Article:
Church of St. Mary
Broughton Gifford shown within Wiltshire
|Population||822 (2001 census)|
|OS grid reference|
|Sovereign state||United Kingdom|
|EU Parliament||South West England|
Formerly much of Broughton Gifford and the surrounding area was covered with woodlands. Much of these were felled during the First and Second World Wars. Villagers long used the common to graze their livestock and grow their crops. Although the Common was not included when the rest of the parish's lands were inclosed in 1783, eventually its agricultural uses died out. There were numerous ponds on the common, but the council[clarification needed] decided to fill many of them in. There is currently a movement to re-establish the ponds.
The village has two parts:
- The lower part, the main part of the village where the Church of England parish church of Saint Mary and the school are, as well as the village hall and the Fox public house. There are also two housing estates and some detached houses in this part.
- The higher part, The Common, is a large area of open land with houses around it. As at 2008 there were three ponds on the common, inhabited by a paddling of ducks in their breeding season. At one end of the common there is The Bell public house, and the football pitch and bowling green.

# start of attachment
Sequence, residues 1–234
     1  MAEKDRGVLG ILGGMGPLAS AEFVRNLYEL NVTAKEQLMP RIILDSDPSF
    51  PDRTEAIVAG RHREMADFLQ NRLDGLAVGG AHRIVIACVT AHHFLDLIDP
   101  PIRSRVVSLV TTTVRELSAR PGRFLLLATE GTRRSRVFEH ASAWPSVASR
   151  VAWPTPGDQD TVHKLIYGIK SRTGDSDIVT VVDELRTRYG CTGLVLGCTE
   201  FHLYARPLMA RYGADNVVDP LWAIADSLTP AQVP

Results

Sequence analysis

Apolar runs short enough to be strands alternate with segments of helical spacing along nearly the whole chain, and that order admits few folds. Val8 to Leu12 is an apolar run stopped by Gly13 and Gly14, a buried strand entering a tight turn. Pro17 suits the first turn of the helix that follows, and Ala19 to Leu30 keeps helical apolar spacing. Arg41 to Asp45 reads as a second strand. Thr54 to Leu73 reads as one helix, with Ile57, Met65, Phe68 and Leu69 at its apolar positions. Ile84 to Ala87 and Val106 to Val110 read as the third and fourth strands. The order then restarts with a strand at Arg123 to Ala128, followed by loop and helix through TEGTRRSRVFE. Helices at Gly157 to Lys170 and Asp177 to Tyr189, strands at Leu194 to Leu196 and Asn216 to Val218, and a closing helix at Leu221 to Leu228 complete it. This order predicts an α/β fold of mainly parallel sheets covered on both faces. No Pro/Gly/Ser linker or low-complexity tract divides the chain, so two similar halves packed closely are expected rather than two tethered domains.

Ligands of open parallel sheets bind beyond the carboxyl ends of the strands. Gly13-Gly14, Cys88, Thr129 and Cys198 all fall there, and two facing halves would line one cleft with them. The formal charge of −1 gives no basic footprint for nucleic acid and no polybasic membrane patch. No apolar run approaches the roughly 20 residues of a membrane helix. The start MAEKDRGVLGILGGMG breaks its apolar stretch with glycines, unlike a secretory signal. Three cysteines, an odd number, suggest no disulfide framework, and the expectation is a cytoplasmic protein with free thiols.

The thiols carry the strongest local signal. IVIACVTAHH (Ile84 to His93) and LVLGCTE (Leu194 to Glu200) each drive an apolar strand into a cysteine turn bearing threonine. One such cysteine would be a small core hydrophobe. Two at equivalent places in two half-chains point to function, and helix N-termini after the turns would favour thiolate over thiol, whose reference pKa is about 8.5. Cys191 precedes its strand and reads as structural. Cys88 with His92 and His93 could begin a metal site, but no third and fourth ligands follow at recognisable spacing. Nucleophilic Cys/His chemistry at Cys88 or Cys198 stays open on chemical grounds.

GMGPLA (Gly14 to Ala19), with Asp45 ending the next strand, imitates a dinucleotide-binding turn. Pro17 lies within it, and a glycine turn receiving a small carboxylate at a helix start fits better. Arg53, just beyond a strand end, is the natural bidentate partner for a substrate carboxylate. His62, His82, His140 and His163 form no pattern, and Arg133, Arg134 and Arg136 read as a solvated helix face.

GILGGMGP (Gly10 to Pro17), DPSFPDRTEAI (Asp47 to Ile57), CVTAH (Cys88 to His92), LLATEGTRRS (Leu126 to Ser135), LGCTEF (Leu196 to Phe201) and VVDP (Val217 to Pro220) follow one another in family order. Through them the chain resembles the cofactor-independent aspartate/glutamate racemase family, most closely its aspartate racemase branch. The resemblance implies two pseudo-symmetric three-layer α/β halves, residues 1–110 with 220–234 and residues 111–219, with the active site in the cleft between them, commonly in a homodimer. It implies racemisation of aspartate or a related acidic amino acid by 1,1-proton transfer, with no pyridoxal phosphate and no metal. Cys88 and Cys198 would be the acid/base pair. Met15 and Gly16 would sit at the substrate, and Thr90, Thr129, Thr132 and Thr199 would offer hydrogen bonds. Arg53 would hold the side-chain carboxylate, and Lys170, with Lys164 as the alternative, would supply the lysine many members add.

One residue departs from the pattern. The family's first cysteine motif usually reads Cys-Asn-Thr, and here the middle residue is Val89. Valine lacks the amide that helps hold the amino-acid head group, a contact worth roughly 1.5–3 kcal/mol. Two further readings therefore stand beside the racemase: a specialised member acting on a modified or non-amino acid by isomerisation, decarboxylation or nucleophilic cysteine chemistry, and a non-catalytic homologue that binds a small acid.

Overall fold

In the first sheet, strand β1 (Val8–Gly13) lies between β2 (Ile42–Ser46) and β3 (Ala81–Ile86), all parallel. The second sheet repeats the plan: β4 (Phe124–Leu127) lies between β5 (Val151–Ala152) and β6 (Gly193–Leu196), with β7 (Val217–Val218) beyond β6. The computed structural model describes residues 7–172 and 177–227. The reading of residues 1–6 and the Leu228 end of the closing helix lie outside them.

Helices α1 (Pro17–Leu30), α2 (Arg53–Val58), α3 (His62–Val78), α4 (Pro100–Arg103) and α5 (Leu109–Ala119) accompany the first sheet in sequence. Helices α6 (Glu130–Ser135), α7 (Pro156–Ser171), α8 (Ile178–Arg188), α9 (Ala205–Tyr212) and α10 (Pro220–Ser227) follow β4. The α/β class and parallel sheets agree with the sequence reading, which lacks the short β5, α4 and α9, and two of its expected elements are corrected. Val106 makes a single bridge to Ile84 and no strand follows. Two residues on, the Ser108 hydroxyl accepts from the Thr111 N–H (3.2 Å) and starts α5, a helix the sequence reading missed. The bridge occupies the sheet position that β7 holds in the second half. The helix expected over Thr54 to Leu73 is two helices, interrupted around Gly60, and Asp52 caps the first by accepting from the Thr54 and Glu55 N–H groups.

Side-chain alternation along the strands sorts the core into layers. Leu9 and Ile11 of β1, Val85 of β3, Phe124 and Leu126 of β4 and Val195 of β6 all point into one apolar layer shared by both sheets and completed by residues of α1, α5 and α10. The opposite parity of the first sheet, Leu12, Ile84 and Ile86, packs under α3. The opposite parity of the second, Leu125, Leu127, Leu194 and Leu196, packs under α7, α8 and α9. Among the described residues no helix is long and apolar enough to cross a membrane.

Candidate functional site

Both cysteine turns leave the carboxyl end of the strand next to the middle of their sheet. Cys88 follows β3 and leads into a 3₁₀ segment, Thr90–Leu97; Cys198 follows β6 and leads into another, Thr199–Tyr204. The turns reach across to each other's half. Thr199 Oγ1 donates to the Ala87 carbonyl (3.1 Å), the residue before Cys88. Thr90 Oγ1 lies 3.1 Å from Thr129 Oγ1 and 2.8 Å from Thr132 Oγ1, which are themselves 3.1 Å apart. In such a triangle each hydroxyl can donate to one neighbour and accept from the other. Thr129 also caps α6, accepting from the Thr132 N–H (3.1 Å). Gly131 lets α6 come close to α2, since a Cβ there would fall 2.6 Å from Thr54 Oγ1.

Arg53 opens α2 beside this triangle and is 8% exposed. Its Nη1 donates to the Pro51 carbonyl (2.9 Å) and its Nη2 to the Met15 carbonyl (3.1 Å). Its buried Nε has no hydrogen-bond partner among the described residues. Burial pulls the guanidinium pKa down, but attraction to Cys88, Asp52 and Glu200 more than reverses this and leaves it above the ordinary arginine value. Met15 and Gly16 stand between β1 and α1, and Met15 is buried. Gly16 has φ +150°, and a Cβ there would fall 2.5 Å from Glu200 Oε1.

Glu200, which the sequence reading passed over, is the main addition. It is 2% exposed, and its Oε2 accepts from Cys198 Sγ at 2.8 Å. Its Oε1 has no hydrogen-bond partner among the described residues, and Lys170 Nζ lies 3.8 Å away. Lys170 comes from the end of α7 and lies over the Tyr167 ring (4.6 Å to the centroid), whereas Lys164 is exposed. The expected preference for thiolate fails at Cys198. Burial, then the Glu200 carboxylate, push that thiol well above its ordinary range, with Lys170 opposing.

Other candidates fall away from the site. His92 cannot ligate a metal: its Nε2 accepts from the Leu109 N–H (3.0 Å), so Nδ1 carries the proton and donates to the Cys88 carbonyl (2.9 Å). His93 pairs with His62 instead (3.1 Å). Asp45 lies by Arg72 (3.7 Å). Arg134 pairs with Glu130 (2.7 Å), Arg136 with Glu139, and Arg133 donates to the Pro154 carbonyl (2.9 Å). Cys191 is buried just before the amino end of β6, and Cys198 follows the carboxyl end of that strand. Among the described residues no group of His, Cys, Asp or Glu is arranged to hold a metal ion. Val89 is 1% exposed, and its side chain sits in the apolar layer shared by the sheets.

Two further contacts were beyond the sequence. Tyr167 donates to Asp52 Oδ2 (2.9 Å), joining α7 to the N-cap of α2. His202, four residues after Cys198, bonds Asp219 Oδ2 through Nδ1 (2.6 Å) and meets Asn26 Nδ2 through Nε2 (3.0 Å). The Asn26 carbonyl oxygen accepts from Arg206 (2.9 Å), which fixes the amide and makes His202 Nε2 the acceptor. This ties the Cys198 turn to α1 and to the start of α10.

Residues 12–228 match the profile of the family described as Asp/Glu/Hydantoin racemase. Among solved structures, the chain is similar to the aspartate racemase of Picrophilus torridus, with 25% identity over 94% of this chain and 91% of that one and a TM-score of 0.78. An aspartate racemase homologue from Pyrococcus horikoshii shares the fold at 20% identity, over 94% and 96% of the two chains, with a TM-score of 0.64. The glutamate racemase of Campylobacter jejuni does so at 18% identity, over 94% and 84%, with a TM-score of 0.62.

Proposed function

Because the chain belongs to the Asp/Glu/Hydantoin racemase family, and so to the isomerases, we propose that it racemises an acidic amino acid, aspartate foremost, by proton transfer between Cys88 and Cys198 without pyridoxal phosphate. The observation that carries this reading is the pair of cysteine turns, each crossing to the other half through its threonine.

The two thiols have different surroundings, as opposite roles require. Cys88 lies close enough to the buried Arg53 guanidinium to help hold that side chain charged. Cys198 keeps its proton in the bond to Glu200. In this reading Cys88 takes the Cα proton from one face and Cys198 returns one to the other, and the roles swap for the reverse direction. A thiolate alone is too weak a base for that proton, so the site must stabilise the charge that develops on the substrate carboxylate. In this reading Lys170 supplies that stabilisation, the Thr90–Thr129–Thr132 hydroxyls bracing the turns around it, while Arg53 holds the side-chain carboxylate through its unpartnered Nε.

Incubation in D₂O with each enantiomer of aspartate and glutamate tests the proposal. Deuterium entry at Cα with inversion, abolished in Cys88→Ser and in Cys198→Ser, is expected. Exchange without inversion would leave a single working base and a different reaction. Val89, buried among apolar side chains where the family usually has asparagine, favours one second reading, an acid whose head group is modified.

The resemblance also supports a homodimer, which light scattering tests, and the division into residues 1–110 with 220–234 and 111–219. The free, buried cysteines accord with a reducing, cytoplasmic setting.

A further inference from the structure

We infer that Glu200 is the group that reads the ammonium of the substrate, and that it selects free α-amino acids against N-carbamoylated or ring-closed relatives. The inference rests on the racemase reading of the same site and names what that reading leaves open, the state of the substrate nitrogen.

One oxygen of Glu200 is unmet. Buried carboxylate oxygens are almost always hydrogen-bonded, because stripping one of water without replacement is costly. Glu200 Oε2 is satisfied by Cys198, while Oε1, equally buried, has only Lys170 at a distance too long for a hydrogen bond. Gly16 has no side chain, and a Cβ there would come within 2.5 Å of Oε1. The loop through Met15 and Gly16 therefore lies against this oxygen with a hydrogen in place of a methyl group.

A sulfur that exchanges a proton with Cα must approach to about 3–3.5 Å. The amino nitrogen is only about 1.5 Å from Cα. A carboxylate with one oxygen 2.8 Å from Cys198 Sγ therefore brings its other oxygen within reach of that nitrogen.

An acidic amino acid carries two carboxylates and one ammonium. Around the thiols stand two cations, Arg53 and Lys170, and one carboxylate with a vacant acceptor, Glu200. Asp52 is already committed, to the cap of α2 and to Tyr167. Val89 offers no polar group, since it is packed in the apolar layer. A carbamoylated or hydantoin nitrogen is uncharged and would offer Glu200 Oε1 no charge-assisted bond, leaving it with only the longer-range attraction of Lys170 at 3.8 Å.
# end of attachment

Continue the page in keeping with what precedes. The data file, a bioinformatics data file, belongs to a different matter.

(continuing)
The River Avon forms a natural boundary to the south and east of the parish.
Unusually the parish shares some land in common with the parish of Melksham Without.
There are more than 70 listed buildings and structures of special architectural, historical or cultural significance in Broughton Gifford, including Talboys[clarification needed] built late in the 14th century and Monkton House built in 1647.
Broughton has two public houses. The Bell on the Common is on the common. The Fox, formerly The Fox and Hounds, is at the other end of the village. There are also a village hall, a butcher's shop, a small park and an industrial estate.
- "Area selected: Salisbury (Non-Metropolitan District)". Neighbourhood Statistics: Full Dataset View. Office for National Statistics. Retrieved 15 June 2010.
- Pugh & Crittall, 1956, pages 51-59
- Pevsner & Cherry, 1973, page150
- "List entry - Packhorse Bridge, Melksham Road". English Heritage. 13 November 1962. Retrieved 15 July 2014.
- Pevsner, Nikolaus; Cherry, Bridget (revision) (1975) . The Buildings of England: Wiltshire. Harmondsworth: Penguin Books. pp. 150–151. ISBN 0-14-0710-26-4.
- Pugh, R.B.; Crittall, Elizabeth (eds.); Chettle, H.F.; Powell, W.R.; Spalding, P.A.; Tillott, P.M. (1956). Victoria County History: A History of the County of Wiltshire, Volume 7. pp. 51–59.
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